Africa is the third largest gold producer in the world with mining operations in at least 21 countries. The mining sector is one of the major sources of employment in many African nations.
Out of these 21 countries, 10 have the largest gold reserves, according to data firm Statista.
Algeria is the first African country with the largest holding with 174 metric tonnes. South Africa follows closely with 125 metric tonnes. Libya has 117 metric tonnes, Egypt has 80.73 metric tonnes, Morocco has 22.12 metric tonnes, Nigeria has 21.37, Mauritius has 12.44 metric tonnes, Ghana has 8.74 metric tonnes, and Tunisia has 6.84 metric tonnes with Mozambique placing 10th with 3.94 metric tonnes.
Gold has become one of the assets investors are falling on to collateralize their investment as geopolitical tension in Ukraine and Russia is shrinking major economies.
The price of gold hit $2,069.25 an ounce in March this year, the highest record figure this year compared to the gold price in August last year.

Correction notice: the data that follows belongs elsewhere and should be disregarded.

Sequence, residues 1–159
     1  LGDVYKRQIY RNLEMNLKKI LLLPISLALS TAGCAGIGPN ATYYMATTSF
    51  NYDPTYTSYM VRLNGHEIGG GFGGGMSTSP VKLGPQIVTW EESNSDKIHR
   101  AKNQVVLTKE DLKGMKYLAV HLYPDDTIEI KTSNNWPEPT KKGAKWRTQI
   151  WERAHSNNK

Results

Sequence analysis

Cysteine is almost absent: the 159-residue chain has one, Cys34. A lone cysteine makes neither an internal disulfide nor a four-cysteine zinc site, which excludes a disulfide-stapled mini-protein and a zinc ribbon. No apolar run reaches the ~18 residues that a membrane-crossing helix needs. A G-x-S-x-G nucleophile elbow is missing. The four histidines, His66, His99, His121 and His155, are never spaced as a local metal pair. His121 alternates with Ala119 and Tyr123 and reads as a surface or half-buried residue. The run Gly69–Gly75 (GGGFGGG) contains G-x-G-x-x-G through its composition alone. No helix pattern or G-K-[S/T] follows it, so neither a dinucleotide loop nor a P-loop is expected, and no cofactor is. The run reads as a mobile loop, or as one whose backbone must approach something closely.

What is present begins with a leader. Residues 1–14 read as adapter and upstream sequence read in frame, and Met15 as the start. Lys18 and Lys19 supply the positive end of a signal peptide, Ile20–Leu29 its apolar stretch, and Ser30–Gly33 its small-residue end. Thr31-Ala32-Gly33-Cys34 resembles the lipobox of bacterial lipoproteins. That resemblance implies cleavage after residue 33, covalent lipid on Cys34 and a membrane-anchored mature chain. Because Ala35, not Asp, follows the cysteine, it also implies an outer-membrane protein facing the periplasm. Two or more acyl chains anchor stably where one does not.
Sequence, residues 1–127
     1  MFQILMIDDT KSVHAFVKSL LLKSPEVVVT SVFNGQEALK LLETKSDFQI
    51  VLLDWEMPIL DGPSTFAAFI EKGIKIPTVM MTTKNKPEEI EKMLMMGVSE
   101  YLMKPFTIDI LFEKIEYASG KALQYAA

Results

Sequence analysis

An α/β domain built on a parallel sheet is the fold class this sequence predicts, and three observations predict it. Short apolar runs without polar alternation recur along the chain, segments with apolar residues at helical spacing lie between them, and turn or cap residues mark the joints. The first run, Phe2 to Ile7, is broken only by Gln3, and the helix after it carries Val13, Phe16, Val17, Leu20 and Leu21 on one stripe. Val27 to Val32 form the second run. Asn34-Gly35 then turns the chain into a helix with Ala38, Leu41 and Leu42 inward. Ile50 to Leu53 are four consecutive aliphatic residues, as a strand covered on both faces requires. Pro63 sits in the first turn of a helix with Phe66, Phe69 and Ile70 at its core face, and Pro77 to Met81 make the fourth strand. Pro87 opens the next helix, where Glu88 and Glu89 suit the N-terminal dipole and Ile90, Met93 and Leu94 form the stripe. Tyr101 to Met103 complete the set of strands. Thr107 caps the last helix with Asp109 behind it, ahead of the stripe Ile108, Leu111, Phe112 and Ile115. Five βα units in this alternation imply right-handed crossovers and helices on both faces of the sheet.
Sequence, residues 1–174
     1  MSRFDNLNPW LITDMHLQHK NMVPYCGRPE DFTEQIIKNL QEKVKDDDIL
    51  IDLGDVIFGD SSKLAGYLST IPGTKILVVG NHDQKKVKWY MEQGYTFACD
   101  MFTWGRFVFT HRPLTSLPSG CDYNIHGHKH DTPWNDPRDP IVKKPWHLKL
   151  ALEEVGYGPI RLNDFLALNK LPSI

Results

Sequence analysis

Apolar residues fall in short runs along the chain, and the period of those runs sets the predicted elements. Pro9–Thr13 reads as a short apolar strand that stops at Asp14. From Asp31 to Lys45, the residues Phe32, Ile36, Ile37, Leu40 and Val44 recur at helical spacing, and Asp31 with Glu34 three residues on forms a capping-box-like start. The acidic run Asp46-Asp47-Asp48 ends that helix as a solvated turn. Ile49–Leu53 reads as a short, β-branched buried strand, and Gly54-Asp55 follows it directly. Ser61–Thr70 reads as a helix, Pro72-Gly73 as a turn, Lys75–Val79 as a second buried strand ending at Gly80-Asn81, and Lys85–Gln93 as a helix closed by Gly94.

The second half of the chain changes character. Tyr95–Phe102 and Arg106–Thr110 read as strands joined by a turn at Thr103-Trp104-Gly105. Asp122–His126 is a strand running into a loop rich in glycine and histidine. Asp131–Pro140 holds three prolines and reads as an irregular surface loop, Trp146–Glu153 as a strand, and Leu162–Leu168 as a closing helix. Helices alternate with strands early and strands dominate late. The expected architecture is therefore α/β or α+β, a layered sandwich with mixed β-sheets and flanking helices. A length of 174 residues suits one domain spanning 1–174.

Gold has also become a safety net for global economies in the wake of rising inflation.
Two hundred and seventy-two point nine metric tonnes of gold, according to the World Gold Council, were bought by central banks worldwide in 2020.
Financial experts and investors consider gold protection for their wealth because it’s not affected by the shocks in the financial system. This is because gold reduces losses that accompany other investments when there is a shakeup in the financial system, according to Trustable Gold.
One characteristic of gold is that, while other currencies depreciate at some point in time, gold maintains a stable purchasing power.